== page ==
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In relation to Milgrams (1963) study into obedience, describe and discuss the ethical issues of consent, withdrawal from the investigation, and protection of participants. In addition, suggest and discuss how each issue could have been addressed b

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In relation to Milgram's (1963) study into obedience, describe and discuss the ethical issues of consent, withdrawal from the investigation, and protection of participants. In addition, suggest and discuss how each issue could have been addressed by the researcher In 1993 the BPS (British Psychology Society) implemented ethical guidelines both physical and psychological. Milgram's experiment was done in 1963, and to date has been one of the most looked at experiments with horrific results. It is essential if anyone was to carry out a psychological experiment involving humans or human behaviour to follow these guidelines. These guidelines ensure psychologists are responsible for the protection of the participants or subjects from harm during and after an experiment, to gain voluntary consent from the participants and allow them to withdraw at any point during the experiment. This raises questions into whether Milgram's experiment would be allowed to take place in modern day. In this essay I will be discussing the problems with the ethics of Milgram's experiment and what ways it could have been improved so that there are less problems with the experiment. Stanley Milgram, a social psychologist, conducted a test to see the obedience towards authority. He set up an experiment with teachers who were the actual participants, and an actor who was the learner. ...read more.


When participants heard the screams of the learner, if they decided they did not want to continue, the man in the lab coat (authority) would say to them one of four things. "Please continue," "The experiment requires that you continue," "It is absolutely essential that you continue," "You have no other choice, you must go on" (Milgram, Stanley (1963). "Behavioral Study of Obedience"). Because of these sayings, it gave no right to withdraw. If any of the volunteers felt as if they couldn't continue because they felt that if they were to kill the person they would be held responsible, the examiner would reply "its my responsibility if anything happens to him" (1974, Milgram, cited - Obedience and Civilization, Mixon).. This may have relived a lot of pressure from the volunteers but nevertheless they all showed signs of distress, not being able to cope with having the death or severe injury of another human being on there conscious. I also believe strongly that there was a money issue involved. A lot of people would continue just to get the money they were working for. If they were to stop, there would be an issue of whether they get there money or not. ...read more.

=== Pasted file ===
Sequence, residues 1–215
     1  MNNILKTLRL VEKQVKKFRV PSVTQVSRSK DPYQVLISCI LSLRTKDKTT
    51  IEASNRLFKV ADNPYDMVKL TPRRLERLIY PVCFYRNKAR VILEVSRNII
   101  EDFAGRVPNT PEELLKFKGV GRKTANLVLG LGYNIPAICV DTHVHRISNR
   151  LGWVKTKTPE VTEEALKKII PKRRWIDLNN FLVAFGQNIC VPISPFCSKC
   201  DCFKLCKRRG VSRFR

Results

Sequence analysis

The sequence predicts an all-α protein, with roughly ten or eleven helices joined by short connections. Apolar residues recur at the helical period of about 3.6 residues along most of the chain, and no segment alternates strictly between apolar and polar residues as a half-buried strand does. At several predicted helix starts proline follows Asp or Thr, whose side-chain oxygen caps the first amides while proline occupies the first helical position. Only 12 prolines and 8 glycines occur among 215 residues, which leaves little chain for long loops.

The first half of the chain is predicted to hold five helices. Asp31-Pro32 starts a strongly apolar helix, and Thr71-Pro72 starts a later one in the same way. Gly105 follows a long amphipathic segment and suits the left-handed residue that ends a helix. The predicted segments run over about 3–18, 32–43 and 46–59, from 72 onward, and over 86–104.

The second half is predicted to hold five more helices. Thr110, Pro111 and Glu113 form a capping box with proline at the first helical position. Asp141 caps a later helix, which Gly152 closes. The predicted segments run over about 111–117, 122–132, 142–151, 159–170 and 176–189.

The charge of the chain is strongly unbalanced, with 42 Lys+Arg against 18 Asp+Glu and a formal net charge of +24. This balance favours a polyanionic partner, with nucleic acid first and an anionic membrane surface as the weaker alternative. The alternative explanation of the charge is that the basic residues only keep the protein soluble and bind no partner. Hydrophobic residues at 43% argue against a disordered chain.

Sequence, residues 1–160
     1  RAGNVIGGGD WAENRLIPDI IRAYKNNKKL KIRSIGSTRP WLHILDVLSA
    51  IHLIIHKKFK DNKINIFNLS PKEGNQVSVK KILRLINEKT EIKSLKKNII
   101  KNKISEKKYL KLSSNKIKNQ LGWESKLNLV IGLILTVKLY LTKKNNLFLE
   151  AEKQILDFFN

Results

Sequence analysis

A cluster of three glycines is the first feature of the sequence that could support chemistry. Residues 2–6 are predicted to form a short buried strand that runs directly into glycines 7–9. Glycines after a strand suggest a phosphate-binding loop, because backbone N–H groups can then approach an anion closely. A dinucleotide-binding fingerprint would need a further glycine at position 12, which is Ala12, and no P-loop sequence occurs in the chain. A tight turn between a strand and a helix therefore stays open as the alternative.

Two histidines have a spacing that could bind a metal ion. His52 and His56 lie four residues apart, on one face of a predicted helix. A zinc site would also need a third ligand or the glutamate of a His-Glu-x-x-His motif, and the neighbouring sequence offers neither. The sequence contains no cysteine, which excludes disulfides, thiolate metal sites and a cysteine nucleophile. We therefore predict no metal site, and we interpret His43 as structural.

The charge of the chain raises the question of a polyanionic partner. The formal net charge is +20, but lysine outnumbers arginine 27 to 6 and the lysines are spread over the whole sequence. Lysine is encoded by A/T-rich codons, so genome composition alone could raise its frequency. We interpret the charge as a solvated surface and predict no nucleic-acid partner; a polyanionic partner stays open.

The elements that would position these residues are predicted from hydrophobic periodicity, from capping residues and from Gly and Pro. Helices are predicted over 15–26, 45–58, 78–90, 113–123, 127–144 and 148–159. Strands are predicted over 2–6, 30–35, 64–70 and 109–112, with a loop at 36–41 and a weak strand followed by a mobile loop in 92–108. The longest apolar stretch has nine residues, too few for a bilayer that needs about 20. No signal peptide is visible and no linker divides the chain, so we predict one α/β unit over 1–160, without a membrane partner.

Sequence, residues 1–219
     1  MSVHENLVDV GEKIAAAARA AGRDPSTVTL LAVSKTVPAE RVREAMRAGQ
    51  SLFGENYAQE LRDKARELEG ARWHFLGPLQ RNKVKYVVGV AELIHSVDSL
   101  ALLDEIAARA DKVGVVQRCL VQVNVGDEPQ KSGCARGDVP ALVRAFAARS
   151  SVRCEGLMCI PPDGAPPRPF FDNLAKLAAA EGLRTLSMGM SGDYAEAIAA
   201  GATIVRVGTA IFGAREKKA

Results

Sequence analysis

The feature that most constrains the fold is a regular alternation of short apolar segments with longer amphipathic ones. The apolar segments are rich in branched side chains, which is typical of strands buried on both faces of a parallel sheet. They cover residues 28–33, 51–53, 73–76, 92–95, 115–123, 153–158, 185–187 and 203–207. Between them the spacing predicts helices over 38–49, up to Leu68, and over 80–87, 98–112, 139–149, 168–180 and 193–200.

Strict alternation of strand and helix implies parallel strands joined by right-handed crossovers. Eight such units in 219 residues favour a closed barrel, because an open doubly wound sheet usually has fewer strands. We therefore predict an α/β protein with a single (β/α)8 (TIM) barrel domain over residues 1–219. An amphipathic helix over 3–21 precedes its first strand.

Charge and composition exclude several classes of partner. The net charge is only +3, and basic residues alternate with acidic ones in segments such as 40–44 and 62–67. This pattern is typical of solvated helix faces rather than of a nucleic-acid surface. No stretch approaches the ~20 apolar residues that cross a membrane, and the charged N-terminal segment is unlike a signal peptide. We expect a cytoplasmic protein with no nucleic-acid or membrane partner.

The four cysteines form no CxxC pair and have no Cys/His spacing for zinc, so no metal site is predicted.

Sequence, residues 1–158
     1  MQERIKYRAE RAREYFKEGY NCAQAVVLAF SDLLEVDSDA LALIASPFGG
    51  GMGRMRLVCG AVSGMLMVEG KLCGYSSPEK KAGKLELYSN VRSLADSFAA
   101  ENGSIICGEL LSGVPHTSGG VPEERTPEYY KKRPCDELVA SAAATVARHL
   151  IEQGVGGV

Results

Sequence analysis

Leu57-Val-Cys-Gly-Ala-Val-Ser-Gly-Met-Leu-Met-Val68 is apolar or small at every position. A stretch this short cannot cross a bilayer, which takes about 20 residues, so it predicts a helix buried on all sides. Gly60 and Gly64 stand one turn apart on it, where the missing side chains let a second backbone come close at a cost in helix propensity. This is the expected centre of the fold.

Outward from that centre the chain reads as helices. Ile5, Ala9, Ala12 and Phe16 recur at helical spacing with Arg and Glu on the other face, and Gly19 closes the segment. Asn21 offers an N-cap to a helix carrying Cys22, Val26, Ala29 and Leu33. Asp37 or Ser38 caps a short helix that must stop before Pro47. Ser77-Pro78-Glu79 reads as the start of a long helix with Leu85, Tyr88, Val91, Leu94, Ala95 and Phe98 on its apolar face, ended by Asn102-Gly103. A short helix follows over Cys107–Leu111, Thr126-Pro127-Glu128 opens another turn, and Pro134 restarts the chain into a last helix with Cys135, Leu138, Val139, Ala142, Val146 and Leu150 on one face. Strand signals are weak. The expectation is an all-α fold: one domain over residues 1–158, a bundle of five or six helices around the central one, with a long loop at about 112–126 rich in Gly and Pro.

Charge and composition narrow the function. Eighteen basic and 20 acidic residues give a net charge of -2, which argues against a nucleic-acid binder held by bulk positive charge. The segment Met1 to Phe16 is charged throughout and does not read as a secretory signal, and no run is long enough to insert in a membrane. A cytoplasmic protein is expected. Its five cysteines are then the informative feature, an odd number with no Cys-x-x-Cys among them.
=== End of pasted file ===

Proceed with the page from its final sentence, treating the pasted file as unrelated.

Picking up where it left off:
In my opinion I would say the best thing to do would be to still have the authority figure there but ask them if they wanted to continue. That way it gives the participant a chance to leave if the distress is too much for them. Incorporated into this could be the protection of participants. If the participant was shown signs of distress or clear signs of nervousness, the authority figure would ask if they want to continue. This way its stopping the trauma getting worse and participants don't feel obliged to continue. In conclusion, since young everyone has always listened and been obedient to a figure of authority. Whether that means a child to a parent, or a citizen to the law. Our brains are always going to be programmed to abide by authority. When we talk about the Milgram experiment, we forget that these results also surprised Milgram as well as the general public. Because of this, Milgram did not expect the behaviour and distress that was shown in the experiment "When I posed this question to a group of Yale University students, it was predicted that no more than 3 out of 100 participants would deliver the maximum shock. In reality, 65% of the participants in the study delivered the maximum shocks." Miller, Arthur G. (1986). The obedience experiments: A case study of controversy in social science. ...read more.

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